I never liked Connery as much. I don’t mind Daniel Craig, and think he would be better if they weren’t deliberately making the stories as dark.

    David Niven was great.

    Anyway, we will always have Brett Sinclair.

  7. John64

    A wonderful anecdote.

    Roger Moore might not have been the best Bond but he certainly had the best name of any Bond.

  8. Wal of Ipswich

    A later T.V. role of Sir Roger was that of Lord Brett Sinclair, in the Persuaders. I often used, with nil success, his pick up line “my name is Brett but you can call me darling”. That, and his eyebrows, sum up this marvellous man.

  9. Mother Lode

    he certainly had the best name of any Bond

    Indeed. Probably the most of any Bond.

  10. Daniel Craig looks like an extra who got halfway through the make up phase of Planet of the Apes, and bailed before they stuck the hair on.

  11. Dave in Marybrook

    Having chewed through a lot of Ian Fleming- the second-hand bookshop was vital, TV and video was nonexistent- Timothy Dalton was the best Bond for the big screen. Lean, cruel, even a bit untrustworthy, and thankfully scripted with Fleming-esque storylines where 007 flirted with dereliction of duty.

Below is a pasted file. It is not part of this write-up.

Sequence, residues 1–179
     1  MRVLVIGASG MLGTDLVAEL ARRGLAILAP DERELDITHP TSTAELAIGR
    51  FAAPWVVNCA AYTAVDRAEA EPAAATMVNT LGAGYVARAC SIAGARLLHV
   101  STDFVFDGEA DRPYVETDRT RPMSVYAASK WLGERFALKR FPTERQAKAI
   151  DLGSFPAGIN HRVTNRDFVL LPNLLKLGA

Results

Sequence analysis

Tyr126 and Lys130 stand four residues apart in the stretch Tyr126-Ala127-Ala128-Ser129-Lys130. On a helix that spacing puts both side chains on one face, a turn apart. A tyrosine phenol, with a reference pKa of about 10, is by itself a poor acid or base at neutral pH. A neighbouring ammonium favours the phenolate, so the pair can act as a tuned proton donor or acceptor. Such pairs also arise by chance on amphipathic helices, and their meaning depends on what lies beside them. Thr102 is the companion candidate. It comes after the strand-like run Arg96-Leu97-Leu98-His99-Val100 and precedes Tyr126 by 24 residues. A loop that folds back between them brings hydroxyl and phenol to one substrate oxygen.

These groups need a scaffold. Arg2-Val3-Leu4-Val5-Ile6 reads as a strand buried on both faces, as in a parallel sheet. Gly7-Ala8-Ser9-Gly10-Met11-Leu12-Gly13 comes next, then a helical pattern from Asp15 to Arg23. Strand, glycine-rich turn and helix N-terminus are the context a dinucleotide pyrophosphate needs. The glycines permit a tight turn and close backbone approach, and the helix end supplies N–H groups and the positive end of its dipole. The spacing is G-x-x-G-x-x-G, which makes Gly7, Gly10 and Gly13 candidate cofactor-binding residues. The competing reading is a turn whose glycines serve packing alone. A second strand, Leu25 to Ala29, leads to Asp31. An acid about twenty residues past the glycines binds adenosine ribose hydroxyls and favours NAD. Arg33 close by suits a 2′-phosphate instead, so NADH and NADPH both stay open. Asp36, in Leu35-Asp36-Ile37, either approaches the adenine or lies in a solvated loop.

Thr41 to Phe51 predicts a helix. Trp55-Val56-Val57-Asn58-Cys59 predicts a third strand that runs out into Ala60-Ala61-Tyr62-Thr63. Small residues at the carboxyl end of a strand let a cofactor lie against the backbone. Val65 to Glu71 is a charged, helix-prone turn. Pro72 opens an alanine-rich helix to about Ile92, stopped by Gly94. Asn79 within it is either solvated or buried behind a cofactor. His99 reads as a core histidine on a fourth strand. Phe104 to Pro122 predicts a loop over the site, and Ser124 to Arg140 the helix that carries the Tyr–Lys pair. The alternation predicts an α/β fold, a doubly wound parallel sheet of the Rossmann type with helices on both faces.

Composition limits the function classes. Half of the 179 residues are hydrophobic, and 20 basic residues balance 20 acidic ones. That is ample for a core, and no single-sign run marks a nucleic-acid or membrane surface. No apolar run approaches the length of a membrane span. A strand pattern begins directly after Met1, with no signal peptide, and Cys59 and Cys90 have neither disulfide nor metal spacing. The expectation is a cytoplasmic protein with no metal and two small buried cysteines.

12. Old School Conservative

    At least Sir Roger had an accent all we wanna be Bonds could copy. The great Connery was harder to emulate.

  13. Pedro the Ignorant

    That was a terrific anecdote, put smile on my face.

    from Carpe.

    Me too, Great story.

    God knows we need a smile or two after recent events.

  14. Diogenes

    For me he will always be Ivanhoe or Brett Sinclair